Moving Beyond Words
Christina Mccleary’s Works Try To Examine The Feminine Mystique Of The Thirtysomething Woman
Inspired by McCleary’s frustration at society’s need to ask why she, a thirtysomething woman, isn’t married with children, Cracked revolves around two basic, intrinsically feminine sculptural ideas—eggs and dressmaker’s forms. Every work in the collection begins as one or the other, and surprisingly, given McCleary’s poetry-based process, very few of the works feature textual elements. This is for the best: McCleary’s poetry—available upon request—reads like a work in progress, the furtive, private scribblings of someone trying to figure out their own psyche, not the polished, carefully weighed lines of a professional word slinger. A sample: “all that seduces me, eludes me/ I am surrounded by empty shells and sacrifice, in a dream world of pieces and complacency.” Translated into sculpture, her meditations on womanhood and femininity are a similarly uneven affair—strong thematically in shape and color (almost every piece is white), but never tackling oppression head-on.
Slightly feminine, but not overtly sexual pieces—such as the stoneware torso “Life Line” and its raku-fired counterpart, “Four Panels”—breastlessly explore the curves of the female form, much like the asexual-looking dress forms that inspired them. “Halved” is an exquisitely delicate series of stoneware eggshells with menstrual red and mint green innards, perched atop doll-sized pillows. “Cracked Skin” is a misshapen, Woman of Willendorf-esque blob of a female form—all nothing we haven’t seen before. A few pieces find McCleary stuffing wire dress forms to the gills with rabbit pelts and white chicken feathers. The shock value of these natural materials is notable but ultimately unaffecting—the caged animal/oppressed woman imagery inherent in these pieces feels trite.
McCleary’s technique is competent, but her artistic thesis feels too abstract without adequate explanation—without the artist’s statement on the gallery wall, it’s hard to know what, exactly, she wants these sculptures to signify, apart from basic variations on the female form.
It’s no surprise, then, that McCleary is at her best when she succumbs fully to her impulse to merge text and sculpture. You get the feeling that, for her, these two art forms are utterly symbiotic—neither her poetry nor her sculpture can stand alone, but when her two disciplines come together she can create objects that are greater than the sum of their parts. The “Little Maiden” series of hollow pit-fired porcelain dress forms has an earthy, burnt color palette. One figurine wears one of McCleary’s best lines like a sash: “Donned in a sheath that marks me woman/ Wanted, sexy, second.” The piece is a veritable eureka moment in terms of getting McCleary’s main idea across—it’s a shame that more of her works don’t carry the same impact.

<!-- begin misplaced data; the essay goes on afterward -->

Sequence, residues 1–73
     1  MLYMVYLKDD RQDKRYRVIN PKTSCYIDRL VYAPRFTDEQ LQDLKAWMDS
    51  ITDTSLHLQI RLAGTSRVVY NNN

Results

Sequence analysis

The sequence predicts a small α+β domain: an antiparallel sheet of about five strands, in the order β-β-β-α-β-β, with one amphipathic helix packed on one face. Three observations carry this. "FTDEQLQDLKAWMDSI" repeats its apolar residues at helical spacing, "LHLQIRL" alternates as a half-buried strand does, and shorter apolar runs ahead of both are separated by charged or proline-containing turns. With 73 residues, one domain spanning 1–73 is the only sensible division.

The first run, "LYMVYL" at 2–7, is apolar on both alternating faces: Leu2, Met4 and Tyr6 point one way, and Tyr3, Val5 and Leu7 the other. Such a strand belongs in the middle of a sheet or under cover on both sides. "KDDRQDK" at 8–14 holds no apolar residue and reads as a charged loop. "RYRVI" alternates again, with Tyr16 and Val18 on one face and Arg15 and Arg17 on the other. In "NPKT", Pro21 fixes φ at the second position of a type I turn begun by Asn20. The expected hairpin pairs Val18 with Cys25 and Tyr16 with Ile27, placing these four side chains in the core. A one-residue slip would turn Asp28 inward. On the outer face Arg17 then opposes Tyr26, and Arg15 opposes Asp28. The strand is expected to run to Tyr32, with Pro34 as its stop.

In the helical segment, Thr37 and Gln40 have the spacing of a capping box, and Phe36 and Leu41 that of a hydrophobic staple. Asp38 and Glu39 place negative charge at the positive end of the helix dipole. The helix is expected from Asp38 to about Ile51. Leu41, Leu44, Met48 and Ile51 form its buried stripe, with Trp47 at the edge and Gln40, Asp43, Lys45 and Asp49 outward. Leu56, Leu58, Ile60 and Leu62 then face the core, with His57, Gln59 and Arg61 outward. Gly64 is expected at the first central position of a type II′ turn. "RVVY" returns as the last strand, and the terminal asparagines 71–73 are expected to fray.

The sculptor’s mission statement is made equally clear with “Tower of Lies,” a cone of chicken wire covered in layers of paper and crowned with a small stoneware dress form. A barely legible verse is scrawled onto the paper, but the essential touch is a long line of menstrual red paint, trailing from the base of the dress form to the floor. Subtle? Hardly. But somehow the piece articulates the psychological struggle that its companions fail to convey.
Only tenuously connected to her mission statement, “Shell Shadow” is one of the most visually compelling pieces McCleary has to offer—perhaps because it needs no political statement or feminist theory to buttress its outright weirdness. Comprised of hundreds of unwashed eggshells that are strung floor-to-ceiling on fishing line, the sculpture dances in passing breezes and casts hypnotic, leaflike shadows on the wall behind it. Fuzzy tufts of white rabbit fur stick to the embryonic residue in some of the eggshells, suggesting interspecies reproduction, or some colossal henhouse accident. Where the other works feel forced and somewhat preachy, “Shell Shadow” is a primal, innocent experimentation with materials, and a refreshing break from the Big Important Point that all the other pieces are eager to make.
As a whole, Cracked is more like an artistic exercise than a cohesive body of work. True, McCleary is using the same forms and materials over and over again, striving to recombine them in different ways. But you never get the sense that she’s pushing the envelope, taking risks, or stretching past the boundaries of what she already knows she can create. McCleary is right to point out that thirtysomething women in American society must deal with unreasonable domestic expectations—but it’s a challenging issue that must be met with equally challenging work, and she’s not quite there yet.
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